The Flounder, a bottom feeder living thousands of feet under the ocean, quietly laying on the sand waiting for a prey to swim near it. I remember when I was about 8 years old, I went fishing for flounders. When the line was dropped, I remember looking over the edge, seeing the weight and the bait that was hooked onto the line, falling deep into the ocean. A few seconds later, I heard a slight thud as the end of the line hit the ocean floor, and I remember thinking to myself how quiet and peaceful it must be down there.
In Tuvaluan mythology, there is a story called “te Pusi mo te Ali '', which explains how the flounder got it’s flat body. Tuvalu is a country that is made up of a small chain of islands. Tuvalu is located in the Polinesian region. This story is about the eel and the flounder, who were once great friends. One day, the flounder and the eel decided to test which one of them was stronger. They decided to determine their strength by lifting a heavy rock. When the eel tried to lift the rock, the rock rolled on its back, making the eel’s body grow thinner, allowing the eel to fit into the small cracks in rocks. When the flounder tried to lift the rock, the massive boulder was too heavy for her, making the flounder’s body flat like a pancake. In the story, it shows that at the end of the competition, the flounder and the eel both leave in shame, never to be friends again.
What the story doesn’t explain are the Star Flounder’s unique markings. The star flounder’s body is immediately recognizable with its distinct yellow and black stripes on the fins and its body, which is about only an inch thin. The flounder’s body is light tan and their stripes are dark black. It spends most of its life under the sand. All flounders’ bodies are covered with a rough pattern that mimics the sand in which it lays under. Some flounders such as the peacock flounder can change color to blend in with its surroundings. To get under the sand, it wriggles its flat body, into the bottom of the ocean. But, it burrows itself not deep, but rather shallow, giving it the freedom to leave rapidly, when necessary. Once out from the sand, it can only travel at a speed of about ~.80 kilometers per hour. The speed of the flounder is slow compared to the average speed of fish.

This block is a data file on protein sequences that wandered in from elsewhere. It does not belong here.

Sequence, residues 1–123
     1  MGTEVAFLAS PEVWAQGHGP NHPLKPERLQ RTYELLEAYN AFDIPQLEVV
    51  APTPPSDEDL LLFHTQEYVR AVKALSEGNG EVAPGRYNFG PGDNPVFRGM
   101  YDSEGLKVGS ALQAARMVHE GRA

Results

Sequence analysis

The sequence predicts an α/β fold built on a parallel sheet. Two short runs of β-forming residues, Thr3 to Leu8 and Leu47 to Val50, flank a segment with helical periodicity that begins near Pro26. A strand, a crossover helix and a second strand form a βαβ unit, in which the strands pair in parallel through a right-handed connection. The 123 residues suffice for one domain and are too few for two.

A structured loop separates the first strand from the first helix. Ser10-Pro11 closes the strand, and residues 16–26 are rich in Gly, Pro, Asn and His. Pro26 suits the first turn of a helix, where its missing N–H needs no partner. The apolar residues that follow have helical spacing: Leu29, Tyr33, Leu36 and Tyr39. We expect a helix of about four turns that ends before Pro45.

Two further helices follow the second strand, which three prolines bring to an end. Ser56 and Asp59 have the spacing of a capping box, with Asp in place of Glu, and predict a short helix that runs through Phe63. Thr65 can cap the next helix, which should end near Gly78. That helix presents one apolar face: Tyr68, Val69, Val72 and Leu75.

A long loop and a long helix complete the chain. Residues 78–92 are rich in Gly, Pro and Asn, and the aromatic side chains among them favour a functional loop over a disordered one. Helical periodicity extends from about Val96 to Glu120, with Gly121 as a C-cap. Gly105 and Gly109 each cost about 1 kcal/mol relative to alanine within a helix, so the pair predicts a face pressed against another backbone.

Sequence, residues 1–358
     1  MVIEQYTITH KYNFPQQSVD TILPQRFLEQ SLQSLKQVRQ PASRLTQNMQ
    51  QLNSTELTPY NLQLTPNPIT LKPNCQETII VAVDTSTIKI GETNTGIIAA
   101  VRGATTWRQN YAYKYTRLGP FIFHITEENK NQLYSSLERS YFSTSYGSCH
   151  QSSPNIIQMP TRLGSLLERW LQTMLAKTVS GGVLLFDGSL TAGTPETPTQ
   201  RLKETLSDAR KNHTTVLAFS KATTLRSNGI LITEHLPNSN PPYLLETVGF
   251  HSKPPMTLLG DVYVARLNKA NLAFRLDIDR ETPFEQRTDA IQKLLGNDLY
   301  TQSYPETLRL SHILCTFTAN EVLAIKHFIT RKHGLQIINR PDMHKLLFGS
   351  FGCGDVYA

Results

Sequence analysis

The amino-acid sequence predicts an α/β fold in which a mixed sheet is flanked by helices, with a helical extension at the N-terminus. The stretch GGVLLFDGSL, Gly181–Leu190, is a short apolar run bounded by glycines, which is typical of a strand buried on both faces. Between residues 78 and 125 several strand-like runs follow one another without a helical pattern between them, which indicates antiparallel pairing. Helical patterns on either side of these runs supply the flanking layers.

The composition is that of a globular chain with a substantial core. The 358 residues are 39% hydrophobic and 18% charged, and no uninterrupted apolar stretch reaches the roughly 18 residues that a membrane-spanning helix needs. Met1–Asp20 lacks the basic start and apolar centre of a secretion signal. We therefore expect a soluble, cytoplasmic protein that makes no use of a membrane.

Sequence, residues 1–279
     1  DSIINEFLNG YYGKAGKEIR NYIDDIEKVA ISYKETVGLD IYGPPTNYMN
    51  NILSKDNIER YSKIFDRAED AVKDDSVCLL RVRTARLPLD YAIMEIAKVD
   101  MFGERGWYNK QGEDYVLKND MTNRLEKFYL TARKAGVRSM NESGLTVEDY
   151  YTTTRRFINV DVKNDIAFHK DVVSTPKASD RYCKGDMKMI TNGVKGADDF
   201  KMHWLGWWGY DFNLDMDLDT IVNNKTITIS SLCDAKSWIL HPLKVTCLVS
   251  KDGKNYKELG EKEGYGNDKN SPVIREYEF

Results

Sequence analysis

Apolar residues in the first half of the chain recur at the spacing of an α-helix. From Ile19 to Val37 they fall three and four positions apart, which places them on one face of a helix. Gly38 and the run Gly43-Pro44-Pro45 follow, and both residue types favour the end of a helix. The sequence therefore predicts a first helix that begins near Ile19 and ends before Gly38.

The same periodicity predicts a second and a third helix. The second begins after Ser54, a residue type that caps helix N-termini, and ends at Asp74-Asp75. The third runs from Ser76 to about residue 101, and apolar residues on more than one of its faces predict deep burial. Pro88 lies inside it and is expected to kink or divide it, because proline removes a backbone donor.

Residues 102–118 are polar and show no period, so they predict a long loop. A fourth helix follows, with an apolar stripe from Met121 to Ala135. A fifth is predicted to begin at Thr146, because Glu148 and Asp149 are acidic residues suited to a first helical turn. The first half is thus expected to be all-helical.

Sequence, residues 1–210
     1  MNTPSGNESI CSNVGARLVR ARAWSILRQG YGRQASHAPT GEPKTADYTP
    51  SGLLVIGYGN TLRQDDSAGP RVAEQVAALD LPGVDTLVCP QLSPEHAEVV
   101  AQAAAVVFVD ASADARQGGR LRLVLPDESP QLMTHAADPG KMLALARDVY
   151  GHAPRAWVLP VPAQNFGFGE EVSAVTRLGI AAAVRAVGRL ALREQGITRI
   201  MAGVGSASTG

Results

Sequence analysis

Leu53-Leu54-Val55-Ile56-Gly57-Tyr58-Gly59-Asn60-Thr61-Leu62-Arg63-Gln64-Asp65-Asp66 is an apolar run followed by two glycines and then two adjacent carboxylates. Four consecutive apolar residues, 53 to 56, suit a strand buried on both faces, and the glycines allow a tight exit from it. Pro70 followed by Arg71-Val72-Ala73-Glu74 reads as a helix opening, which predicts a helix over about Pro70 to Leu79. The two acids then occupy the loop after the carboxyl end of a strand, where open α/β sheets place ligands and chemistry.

When lying under the sand, the flounder is not just resting. Its eyes are the only part of its body that peeps out, and it looks for prey. The flounder is a predatory fish that feasts on the small creatures that swim near it. Once a fish is near, the flounder strikes by thrusting itself towards the fish with its mouth wide open. At just one glance, you may think that the flounder doesn’t hunt for its food, as it doesn’t have the sharp claws like a crab, or the hundreds of rows of teeth like the shark. Yet, the flounder’s have small, but spiky teeth, just big enough to grip the small fish and crustaceans that it eats.
The flounder is one of the most underrated fish. Not popularly eaten like the salmon, or tuna. Not kept in zoos often because it hides itself under the sand. This limits the world from
seeing its beautiful stripes, covering the fins, the uniqueness of its body, or the hunting method that is not found among other species of fish. One of the only times a flounder has been a part of mainstream media was when it was depicted in The Little Mermaid, but unlike what it’s name “Flounder” suggests, the fish is actually a tropical yellow fish with teal/blue stripes on its body. Like many people in the world, the flounder is extremely underrated. Its best qualities are hidden from the world, as they aren’t appealing, but truly, the flounder is a very interesting creature.
From its flat body, to its distinct stripes, the flounder is not a very known or seen creature. Its introverted personality makes it not seen to the world. Sometimes, like the flounder, I wish I could hide under a layer of sand. When I have an embarrassing stain on my shirt, or during a bad hair day, I just want to hide under the sand, hiding myself from the outside world.
Benjamin Kim (June 2022)